"Suspect Could Face Death Penalty in Fort Hood Shooting"

The title of this post is the headline of this FoxNews piece, which spotlights that the death penalty has entered conversations in the aftermath of the horrible events at Fort Hood earlier this week.  Here is the start of the article:

The Army psychiatrist suspected in Thursday's deadly Fort Hood rampage in Texas could get the death penalty if he is convicted of multiple counts of first-degree murder — and military law experts say the evidence against him will be substantial.

American-born Maj. Nidal Malik Hasan has yet to be charged but is expected to face at least 13 counts of murder, one for each of the victims who died, as well as numerous assault and weapons charges in a court-martial.

"Obviously, we're all guessing, but it's reasonable to believe that he will be convicted and sentenced to death," said retired Navy lawyer Philip Cave, now a military crimes defense attorney.

Cave estimated that Hasan, 39, would spend between five and 15 years in the military's court martial system. "It will be a long charge sheet," military law scholar Richard Rosen told KCBD.com, "one longer than I've ever seen in my life time in the Army."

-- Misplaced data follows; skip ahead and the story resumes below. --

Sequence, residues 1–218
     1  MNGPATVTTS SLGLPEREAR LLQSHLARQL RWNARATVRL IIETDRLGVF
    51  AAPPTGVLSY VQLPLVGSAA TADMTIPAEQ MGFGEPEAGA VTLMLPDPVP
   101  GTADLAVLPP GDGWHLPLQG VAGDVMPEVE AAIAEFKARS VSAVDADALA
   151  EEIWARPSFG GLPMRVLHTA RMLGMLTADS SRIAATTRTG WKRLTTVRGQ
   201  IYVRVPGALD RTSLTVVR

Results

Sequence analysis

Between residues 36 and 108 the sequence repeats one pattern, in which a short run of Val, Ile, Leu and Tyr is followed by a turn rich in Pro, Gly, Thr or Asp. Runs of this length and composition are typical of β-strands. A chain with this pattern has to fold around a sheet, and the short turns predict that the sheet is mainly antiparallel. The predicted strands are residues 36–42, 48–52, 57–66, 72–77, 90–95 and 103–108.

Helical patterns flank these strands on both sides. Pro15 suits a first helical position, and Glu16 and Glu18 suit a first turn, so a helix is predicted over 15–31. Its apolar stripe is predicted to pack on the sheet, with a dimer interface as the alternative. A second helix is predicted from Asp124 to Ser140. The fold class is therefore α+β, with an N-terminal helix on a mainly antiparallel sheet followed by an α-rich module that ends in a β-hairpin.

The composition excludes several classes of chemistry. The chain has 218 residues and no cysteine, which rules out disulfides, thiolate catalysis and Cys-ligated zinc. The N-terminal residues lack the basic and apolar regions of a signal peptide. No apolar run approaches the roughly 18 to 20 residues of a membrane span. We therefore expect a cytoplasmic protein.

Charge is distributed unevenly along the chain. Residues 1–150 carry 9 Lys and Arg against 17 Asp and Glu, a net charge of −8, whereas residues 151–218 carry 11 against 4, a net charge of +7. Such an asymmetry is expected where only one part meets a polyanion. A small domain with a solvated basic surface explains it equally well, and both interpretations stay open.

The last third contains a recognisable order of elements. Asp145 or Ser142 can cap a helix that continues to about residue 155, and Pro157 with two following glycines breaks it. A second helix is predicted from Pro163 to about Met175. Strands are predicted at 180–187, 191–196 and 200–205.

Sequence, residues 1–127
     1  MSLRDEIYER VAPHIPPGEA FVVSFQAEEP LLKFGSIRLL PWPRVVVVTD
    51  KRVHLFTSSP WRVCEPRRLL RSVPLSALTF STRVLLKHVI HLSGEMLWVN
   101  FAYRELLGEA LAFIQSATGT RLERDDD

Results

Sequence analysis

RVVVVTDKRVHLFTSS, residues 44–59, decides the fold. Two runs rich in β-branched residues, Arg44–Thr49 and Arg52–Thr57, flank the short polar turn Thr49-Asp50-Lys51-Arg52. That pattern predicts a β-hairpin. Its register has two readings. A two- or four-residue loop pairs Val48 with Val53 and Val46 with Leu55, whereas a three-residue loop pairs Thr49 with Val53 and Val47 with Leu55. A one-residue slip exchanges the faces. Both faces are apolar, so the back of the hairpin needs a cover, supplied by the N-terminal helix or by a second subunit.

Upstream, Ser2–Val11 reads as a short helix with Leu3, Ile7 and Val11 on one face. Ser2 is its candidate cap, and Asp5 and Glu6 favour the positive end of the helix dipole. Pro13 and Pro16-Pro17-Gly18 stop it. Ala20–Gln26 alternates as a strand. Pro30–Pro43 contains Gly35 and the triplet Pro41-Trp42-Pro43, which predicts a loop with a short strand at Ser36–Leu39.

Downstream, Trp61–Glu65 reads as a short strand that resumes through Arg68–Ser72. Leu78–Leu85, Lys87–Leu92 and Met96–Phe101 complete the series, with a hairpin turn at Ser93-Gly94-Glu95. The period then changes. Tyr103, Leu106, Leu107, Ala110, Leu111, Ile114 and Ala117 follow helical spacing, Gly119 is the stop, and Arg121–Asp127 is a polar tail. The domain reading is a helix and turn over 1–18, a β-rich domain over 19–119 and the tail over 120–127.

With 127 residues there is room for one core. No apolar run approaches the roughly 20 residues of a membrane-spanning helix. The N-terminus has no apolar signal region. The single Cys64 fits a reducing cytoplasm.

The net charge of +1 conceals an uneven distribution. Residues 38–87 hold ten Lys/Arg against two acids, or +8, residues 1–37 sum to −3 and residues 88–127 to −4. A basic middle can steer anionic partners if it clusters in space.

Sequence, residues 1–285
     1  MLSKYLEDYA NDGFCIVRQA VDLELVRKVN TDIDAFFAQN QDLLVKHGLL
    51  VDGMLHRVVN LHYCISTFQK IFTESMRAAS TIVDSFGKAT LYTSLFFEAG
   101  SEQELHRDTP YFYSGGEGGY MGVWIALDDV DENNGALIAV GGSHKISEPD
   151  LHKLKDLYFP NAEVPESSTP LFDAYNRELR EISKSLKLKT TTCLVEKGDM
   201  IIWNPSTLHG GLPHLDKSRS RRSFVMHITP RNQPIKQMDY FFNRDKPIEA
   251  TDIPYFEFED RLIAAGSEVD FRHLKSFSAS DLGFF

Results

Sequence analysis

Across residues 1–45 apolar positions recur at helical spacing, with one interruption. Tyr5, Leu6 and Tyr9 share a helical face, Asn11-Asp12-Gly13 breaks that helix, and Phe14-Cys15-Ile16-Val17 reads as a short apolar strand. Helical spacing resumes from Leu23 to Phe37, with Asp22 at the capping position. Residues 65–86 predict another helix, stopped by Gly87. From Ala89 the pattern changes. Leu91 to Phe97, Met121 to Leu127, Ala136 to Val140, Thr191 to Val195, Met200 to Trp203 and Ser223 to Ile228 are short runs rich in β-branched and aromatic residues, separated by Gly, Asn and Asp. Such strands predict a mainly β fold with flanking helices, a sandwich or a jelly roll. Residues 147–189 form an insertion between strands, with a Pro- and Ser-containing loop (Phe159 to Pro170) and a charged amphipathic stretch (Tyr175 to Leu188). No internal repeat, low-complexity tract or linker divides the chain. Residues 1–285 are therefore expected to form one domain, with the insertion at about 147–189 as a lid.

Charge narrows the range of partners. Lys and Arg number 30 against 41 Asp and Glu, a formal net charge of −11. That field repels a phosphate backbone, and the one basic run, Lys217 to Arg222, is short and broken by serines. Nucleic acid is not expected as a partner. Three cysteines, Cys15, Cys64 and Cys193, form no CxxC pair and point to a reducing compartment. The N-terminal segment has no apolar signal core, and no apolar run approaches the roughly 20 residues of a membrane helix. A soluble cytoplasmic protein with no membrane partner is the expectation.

November 8, 2009 in Death Penalty Reforms | Permalink | Comments (18) | TrackBack

Might new Governors in New Jersey and Virginia pioneer "smart on crime" innovations?

As noted in this post, there were not any obviously significant crime and justice story lines during this year's local elections.  But, given that New Jersey and Virginia are both interesting sentencing states and both now have new governors with criminal justice backgrounds, I cannot help but wonder and hope that one or both of these states could become effective laboratories for new "smart-on-crime" developments.

November 8, 2009 in Who Sentences? | Permalink | Comments (1) | TrackBack

"Lighter sentence for murderer with 'bad genes'"

The title of this post is the headline of this interesting sentencing story coming from the publication Nature, which reports on these sentencing developments in Italy:

An Italian court has cut the sentence given to a convicted murderer by a year because he has genes linked to violent behaviour — the first time that behavioural genetics has affected a sentence passed by a European court.  But researchers contacted by Nature have questioned whether the decision was based on sound science.